The trail takes a couple of weeks to walk but there are many places to stay, eat and drink along the way.
In 2006, one man named Lewis Pugh decided to take to the water and swim from one end to the other. Since this point, many others have followed in his footsteps.

The Bridges of The Thames

There are 200 bridges that cross the Thames and 35 of these are in the city. From the incredibly famous Tower Bridge and Hampton Court Bridge to those that are less well-known, one thing is for sure, you’ll never be stuck on one side!

One of the greatest things about the many bridges that span the river is the vantage point that they give you over the city. Walking around London, you can often feel overwhelmed by the surrounding buildings and chaos. But heading up to one the many bridges across the Thames, you begin to get a view across the capital that cannot be rivalled.

The following are some of the most famous bridges on River Thames:

Tower Bridge

Tower Bridge River Thames
Tower Bridge

Tower Bridge was built in 1894 and perhaps it is one of the most famous sights in London. For the Queen’s Silver Jubilee in 1977, the bridge was painted in the colours of the Union Jack.

London Bridge

Thankfully, London Bridge isn’t falling but it did in the past. It is one of the biggest tourist hotspots in the city. Records show that the first bridge in this location was a wooden one erected in around 50AD. While many bridges have stood in this location since, the current one was built in 1973.

Millennium Bridge

Millennium Bridge
Millennium Bridge

The Millennium Bridge is one of the newer crossings built in 2002. It featured in a scene in Harry Potter and The Halfblood Prince, giving it worldwide notoriety in the film industry.

Read more: Villages in London: Why Greenwich is the Best Area to Live in London

Westminster Bridge

Westminster Bridge is another of the most famous sights in London with tourists flocking to it for a photo opportunity next to Big Ben. While the bridge has stood in place since the 1700s, the current bridge was built in 1862.

Surprising Facts About the River Thames

Aside from being one of the most notable aspects of London, the River Thames has some quirks that few people are aware of. Let’s look at some surprising facts about the River Thames.

● There are some parts of the river which have a tide. Near Teddington lock, the river behaves in a tidal manner but the rest of the river flows as normal. At low tide, it has been known that treasure seekers have discovered some rather unique and wonderful objects.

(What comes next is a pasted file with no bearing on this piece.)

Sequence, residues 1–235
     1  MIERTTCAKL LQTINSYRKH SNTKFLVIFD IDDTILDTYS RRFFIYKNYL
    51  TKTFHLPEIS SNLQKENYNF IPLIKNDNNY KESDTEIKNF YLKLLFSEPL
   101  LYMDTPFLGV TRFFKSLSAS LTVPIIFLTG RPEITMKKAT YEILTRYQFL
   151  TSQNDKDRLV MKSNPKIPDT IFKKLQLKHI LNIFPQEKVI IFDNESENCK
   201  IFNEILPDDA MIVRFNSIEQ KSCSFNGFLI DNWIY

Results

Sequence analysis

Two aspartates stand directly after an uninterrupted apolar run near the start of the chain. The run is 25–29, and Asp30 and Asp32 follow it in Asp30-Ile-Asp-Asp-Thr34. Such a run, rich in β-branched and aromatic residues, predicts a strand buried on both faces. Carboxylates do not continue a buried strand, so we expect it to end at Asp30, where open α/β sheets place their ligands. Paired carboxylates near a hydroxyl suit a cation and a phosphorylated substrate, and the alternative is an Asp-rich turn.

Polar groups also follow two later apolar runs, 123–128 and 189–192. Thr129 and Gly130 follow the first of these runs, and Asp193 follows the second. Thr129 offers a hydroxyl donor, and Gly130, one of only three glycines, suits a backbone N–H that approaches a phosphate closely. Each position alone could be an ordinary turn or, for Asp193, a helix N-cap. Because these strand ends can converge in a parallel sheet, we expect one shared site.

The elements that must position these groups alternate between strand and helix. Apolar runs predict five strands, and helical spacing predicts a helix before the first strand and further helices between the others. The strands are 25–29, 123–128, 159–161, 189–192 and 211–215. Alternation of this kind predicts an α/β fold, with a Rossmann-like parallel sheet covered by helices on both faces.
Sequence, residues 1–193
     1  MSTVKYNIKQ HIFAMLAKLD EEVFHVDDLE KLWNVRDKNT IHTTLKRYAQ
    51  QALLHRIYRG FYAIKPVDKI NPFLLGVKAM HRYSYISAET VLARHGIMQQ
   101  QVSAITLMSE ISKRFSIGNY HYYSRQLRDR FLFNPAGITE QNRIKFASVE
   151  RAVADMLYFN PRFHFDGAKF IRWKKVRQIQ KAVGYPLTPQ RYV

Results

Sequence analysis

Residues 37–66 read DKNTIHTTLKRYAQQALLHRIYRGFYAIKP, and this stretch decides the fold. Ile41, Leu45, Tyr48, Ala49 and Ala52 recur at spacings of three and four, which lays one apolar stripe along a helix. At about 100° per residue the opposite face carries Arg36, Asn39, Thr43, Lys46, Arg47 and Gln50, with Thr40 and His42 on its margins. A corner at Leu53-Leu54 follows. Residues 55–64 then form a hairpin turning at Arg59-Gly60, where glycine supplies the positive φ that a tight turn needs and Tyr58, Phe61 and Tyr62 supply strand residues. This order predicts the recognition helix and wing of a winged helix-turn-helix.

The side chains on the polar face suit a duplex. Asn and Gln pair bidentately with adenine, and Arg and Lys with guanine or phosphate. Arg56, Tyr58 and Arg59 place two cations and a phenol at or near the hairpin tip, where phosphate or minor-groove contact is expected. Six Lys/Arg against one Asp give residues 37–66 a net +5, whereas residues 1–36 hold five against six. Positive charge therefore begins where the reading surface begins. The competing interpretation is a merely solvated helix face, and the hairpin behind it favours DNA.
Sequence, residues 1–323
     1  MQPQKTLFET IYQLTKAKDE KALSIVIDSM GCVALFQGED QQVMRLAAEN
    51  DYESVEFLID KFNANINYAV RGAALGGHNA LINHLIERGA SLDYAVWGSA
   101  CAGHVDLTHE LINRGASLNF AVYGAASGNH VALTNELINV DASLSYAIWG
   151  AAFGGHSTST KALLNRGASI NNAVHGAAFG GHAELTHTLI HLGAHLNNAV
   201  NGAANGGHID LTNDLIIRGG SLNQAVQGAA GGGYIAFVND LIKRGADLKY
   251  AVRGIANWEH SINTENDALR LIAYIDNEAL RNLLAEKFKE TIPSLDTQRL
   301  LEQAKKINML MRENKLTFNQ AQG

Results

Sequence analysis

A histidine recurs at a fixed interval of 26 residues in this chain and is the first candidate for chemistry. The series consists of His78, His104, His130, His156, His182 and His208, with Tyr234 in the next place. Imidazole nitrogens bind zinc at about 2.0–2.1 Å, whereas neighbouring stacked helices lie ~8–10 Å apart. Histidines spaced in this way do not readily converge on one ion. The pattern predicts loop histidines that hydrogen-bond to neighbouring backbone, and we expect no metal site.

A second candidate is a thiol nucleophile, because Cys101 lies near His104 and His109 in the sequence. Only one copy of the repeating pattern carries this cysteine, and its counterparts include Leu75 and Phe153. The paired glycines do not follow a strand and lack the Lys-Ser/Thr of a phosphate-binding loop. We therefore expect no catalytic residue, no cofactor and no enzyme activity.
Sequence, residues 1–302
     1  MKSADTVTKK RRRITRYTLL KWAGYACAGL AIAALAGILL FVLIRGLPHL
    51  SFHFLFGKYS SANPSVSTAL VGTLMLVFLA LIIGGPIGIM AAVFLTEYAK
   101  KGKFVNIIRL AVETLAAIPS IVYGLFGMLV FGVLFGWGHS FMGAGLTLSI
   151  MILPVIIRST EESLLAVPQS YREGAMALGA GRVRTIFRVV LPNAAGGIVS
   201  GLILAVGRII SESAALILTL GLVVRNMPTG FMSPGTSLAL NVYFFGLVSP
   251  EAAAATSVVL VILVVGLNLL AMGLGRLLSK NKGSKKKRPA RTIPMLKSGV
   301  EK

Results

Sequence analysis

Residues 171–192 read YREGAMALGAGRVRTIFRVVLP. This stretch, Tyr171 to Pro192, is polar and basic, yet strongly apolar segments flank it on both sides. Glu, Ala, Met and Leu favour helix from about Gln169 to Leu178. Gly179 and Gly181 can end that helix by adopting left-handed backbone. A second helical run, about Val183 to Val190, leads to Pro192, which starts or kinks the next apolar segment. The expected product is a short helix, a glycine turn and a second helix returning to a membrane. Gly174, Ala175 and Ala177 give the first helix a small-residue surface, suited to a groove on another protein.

● The River Thames is the source for around two-thirds of the drinking water in the city. Of course, the water is treated and cleaned before it comes out of the tap!

● Hundreds of years ago in the 1700s and early 1800s, the winters in London were so cold that the Thames would freeze over. Ice skaters would fill its solid surface and there were even fairs and expos held throughout the winter. However, the last time that the Thames froze over was in 1812, and thanks to global warming, it doesn’t look like we will be enjoying skating on the Thames again.

● The dark colour of the river is where the waterway gets its name. The Latin word Tamesis meant dark, and so the Celts aptly named the river the Tamesas, which, over the years has evolved into the name we know today.

● The River Thames may be one of the main symbols of London, but you might not want to go for a dip in there. In 1858, the river had such high levels of sewage in it that it began to fill the city with a foul stench. At one point, the smell got so bad that parliament had to be closed as the politicians couldn’t bear to keep inhaling the odour.

Just fifty years ago, it was declared that the river was devoid of life due to its condition. However, since that point, wildlife trusts have worked hard to create a better river environment and as such, we are now seeing a lot more wildlife thriving both in the water and along its banks.


The River Thames is undoubtedly the most famous waterway in London. Its banks are filled with landmarks and places to relax and watch the city go by.

But while the Thames River is the most well-known waterway in the British capital, this huge river spans much more of the UK, starting in Gloucestershire and ending down in Kent. The London portion brings in many visitors, but travelling the length of the Thames by boat, on foot or even going for a swim will give the opportunity to see some incredible sights.